Meanwhile, because life never pauses when your worlds falling apart, Mary is working hard to balance everything else being thrown at the family, and it’s a lot for just one person to hold together. Over the summer their dog Dakota began falling ill. After many vet visits and failed treatments a specialist has confirmed Dakota will need $2k in testing (this is in addition to the $1200 already paid to get him better) to determine a diagnosis in order to get the treatment he’ll need to get healthy.
Their family car is how Mary has commuted David to all of his appts, many of which are in Boston. Because his cancer is so rare and how quickly things progressed, getting David to a facility that had the ability to treat his complicated case was a must. Within the last 5 months they’ve put over 50k miles traveling back and forth. Not to mention COVID, as if this family didn’t need more hurtles. David has had countless hospital stays since July. Each being in Boston. Mary has to pay for hotel rooms and even in some instances has had stay and sleep in her car. This is due to the strict visitation restrictions the hospital has. With Covid spiking, visiting has been limited to two hours a day. Their three year old daughter who, as you can imagine, has had a horrible time adjusting to having her parents up and vanish to another unexpected emergency room visit, that always ends with her dad being admitted. Combine this along with the reality that Mary has a full time job, and as much as they have been great about her taking time off, she’s maxed on vacation and personal time. Mary now commutes back-and-forth to be with David in the hospital. As you can imagine putting that many miles on a vehicle has caused lots of wear and tear. More unexpected maintenance is being required before getting a inspection sticker. Another hefty bill to try and figure out how to pay and this right before Christmas.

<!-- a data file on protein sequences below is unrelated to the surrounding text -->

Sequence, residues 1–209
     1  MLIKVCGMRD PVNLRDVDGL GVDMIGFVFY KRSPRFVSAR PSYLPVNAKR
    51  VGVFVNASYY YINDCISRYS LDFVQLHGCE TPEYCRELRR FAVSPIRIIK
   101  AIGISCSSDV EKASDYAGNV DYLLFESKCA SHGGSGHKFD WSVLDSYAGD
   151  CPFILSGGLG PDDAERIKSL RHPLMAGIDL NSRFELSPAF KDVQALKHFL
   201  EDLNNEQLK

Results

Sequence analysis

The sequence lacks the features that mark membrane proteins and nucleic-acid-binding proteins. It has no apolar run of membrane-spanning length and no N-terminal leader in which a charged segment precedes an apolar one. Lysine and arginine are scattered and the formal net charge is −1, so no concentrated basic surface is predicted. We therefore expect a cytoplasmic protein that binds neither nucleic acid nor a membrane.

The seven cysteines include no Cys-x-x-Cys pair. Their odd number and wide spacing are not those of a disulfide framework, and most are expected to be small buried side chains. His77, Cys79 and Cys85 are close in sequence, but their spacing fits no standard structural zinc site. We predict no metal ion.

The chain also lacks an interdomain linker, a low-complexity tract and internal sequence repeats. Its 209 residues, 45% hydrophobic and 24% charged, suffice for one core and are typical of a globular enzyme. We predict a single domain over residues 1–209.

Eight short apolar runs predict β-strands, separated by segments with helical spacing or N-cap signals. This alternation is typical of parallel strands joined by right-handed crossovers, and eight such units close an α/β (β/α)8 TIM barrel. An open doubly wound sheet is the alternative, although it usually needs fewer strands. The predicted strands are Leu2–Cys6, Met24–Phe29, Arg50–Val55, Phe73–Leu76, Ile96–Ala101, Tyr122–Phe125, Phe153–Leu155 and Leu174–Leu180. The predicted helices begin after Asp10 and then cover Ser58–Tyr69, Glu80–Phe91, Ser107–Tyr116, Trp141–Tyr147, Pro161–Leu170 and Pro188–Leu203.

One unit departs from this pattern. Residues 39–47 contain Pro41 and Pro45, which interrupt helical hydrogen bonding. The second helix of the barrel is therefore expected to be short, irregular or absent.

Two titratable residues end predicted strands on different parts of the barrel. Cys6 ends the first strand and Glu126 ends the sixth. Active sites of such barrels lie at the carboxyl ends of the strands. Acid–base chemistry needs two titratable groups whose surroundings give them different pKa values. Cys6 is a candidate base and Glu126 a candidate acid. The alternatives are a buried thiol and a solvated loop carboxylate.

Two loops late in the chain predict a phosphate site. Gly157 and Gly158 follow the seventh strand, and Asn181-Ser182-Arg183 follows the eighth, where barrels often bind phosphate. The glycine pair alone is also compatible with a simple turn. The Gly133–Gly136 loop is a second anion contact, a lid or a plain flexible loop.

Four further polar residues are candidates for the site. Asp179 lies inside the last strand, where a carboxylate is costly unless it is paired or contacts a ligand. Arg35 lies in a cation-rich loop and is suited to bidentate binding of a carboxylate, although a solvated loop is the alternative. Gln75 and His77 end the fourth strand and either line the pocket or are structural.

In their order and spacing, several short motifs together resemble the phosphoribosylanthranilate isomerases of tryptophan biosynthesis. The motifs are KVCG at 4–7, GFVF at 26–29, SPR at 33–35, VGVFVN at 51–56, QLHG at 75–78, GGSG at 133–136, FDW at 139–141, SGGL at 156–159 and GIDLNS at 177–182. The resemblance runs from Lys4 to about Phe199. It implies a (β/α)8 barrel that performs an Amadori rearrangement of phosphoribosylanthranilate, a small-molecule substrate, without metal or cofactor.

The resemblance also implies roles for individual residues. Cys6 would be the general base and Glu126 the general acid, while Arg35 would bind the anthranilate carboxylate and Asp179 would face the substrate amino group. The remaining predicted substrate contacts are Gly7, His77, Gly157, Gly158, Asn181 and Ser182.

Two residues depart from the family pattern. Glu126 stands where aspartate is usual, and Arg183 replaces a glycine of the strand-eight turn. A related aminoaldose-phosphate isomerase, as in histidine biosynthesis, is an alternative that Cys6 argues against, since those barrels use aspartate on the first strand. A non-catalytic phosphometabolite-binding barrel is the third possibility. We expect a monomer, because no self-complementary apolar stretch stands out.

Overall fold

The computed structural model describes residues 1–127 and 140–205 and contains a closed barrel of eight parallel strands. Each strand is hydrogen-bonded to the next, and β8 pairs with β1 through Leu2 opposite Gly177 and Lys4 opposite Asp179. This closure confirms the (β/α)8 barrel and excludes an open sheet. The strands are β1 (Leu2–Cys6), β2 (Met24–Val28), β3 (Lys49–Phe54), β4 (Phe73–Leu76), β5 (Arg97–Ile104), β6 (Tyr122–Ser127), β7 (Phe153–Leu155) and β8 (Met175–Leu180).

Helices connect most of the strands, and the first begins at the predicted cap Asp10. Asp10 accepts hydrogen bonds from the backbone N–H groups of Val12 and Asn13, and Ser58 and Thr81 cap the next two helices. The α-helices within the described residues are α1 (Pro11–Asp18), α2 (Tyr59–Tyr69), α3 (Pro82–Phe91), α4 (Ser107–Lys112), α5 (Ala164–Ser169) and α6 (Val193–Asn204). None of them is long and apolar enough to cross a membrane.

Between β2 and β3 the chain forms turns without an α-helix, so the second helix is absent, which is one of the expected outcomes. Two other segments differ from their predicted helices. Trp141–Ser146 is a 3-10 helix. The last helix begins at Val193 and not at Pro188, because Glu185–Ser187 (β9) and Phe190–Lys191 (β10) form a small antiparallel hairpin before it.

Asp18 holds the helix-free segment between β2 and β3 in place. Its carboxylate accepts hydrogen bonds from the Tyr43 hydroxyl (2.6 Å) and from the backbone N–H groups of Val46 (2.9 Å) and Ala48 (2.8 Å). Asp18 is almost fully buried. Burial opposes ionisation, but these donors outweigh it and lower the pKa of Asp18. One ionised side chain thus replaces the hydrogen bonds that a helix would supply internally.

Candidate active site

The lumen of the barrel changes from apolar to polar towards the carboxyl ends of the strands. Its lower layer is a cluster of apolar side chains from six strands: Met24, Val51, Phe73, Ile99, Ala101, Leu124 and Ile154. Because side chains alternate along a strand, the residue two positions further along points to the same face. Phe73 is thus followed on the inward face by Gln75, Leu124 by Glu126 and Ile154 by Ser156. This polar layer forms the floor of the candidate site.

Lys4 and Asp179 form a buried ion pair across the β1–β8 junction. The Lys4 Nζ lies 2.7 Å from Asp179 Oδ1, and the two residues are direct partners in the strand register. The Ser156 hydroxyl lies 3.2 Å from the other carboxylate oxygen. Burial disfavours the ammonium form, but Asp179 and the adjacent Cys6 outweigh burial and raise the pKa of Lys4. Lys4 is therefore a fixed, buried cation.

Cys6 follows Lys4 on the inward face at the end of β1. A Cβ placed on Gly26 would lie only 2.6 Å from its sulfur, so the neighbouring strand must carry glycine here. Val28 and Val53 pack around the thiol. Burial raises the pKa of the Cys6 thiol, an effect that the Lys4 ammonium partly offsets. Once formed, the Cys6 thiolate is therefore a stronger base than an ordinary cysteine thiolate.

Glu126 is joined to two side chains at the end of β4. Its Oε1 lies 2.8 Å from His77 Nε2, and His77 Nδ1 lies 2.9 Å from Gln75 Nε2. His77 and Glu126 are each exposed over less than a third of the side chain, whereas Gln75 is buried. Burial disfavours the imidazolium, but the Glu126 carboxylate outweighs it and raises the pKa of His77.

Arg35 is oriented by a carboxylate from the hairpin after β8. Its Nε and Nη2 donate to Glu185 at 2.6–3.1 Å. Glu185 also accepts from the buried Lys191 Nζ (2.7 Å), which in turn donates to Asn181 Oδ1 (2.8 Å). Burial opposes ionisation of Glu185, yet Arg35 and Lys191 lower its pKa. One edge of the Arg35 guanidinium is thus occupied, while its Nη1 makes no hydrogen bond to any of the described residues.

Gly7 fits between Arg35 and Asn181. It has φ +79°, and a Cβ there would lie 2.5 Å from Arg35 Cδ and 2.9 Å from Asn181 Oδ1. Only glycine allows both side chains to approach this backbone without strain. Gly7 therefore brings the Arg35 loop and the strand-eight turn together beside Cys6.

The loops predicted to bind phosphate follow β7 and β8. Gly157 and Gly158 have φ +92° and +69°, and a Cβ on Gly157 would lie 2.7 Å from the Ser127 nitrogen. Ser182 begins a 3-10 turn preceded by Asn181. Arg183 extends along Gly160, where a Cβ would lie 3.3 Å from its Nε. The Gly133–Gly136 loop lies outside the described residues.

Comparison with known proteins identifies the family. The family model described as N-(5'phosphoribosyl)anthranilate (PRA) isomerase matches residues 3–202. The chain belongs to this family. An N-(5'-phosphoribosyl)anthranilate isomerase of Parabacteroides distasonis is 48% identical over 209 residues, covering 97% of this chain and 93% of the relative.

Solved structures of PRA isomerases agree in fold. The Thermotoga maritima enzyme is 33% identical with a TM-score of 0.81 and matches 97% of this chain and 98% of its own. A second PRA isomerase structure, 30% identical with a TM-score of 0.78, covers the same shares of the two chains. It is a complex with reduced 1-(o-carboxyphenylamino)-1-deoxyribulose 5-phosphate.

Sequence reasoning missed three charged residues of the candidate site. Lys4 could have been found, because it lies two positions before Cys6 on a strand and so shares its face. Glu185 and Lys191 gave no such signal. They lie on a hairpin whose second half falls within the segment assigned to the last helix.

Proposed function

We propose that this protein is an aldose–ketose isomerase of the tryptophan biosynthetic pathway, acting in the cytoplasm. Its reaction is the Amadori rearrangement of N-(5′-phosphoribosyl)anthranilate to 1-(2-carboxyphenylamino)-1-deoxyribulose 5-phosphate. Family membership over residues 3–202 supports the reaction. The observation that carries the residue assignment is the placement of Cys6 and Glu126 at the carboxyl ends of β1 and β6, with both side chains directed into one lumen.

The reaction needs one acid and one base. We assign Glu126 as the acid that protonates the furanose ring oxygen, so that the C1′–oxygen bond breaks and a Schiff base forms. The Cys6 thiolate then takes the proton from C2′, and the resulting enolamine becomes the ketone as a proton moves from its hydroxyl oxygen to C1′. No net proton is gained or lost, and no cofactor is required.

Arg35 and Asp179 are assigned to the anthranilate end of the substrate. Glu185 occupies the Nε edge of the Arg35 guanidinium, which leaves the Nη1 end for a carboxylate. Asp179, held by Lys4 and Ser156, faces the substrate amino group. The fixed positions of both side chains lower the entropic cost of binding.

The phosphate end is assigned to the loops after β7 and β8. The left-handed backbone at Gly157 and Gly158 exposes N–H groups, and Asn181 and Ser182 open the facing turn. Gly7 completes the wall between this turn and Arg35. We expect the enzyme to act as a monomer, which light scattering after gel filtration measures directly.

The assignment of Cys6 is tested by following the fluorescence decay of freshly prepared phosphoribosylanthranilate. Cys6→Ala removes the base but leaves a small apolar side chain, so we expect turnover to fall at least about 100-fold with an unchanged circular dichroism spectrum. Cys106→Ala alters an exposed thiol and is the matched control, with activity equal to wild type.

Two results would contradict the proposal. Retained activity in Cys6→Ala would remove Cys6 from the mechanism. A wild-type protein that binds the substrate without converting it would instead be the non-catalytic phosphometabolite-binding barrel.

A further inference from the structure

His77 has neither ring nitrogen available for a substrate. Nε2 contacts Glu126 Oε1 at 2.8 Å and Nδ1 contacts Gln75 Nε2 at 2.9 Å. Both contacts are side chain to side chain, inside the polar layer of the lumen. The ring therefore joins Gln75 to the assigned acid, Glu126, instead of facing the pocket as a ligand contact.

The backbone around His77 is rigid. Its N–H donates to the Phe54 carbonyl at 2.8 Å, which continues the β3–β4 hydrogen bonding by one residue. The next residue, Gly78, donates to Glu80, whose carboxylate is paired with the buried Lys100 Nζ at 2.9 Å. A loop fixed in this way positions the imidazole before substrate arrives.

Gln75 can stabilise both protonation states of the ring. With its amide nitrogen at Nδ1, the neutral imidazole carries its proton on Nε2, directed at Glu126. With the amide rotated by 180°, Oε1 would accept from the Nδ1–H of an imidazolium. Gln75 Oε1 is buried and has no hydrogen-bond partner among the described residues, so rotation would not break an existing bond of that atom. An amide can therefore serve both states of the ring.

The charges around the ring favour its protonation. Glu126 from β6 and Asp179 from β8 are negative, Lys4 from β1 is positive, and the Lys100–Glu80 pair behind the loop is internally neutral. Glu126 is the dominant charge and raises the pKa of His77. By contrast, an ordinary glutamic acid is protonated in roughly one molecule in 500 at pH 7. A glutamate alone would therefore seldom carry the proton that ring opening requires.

For months we have all been praying for a miracle that will improve Davids health so he can enjoy many more years spent together with Mary, their children, and the rest of their family and friends. We continue to pray for this and ask for your prayers as well. We really need your support. If at all possible, please help this family with their unexpected expenses and financial difficulties by saying a prayer, making a donation via gofundme, dropping off home cooked meals, donating winter gear for their 3 year old daughter (4T in clothing, size 10 in toddler shoes), and / or sharing their story with your community so more and more people can help us support them.
Thank you from the bottom of our hearts. We appreciate and love all of you so very much.
- Leah Bayley
- Julie Libby
- Jennifer Boyce Boyce
Organizer and beneficiary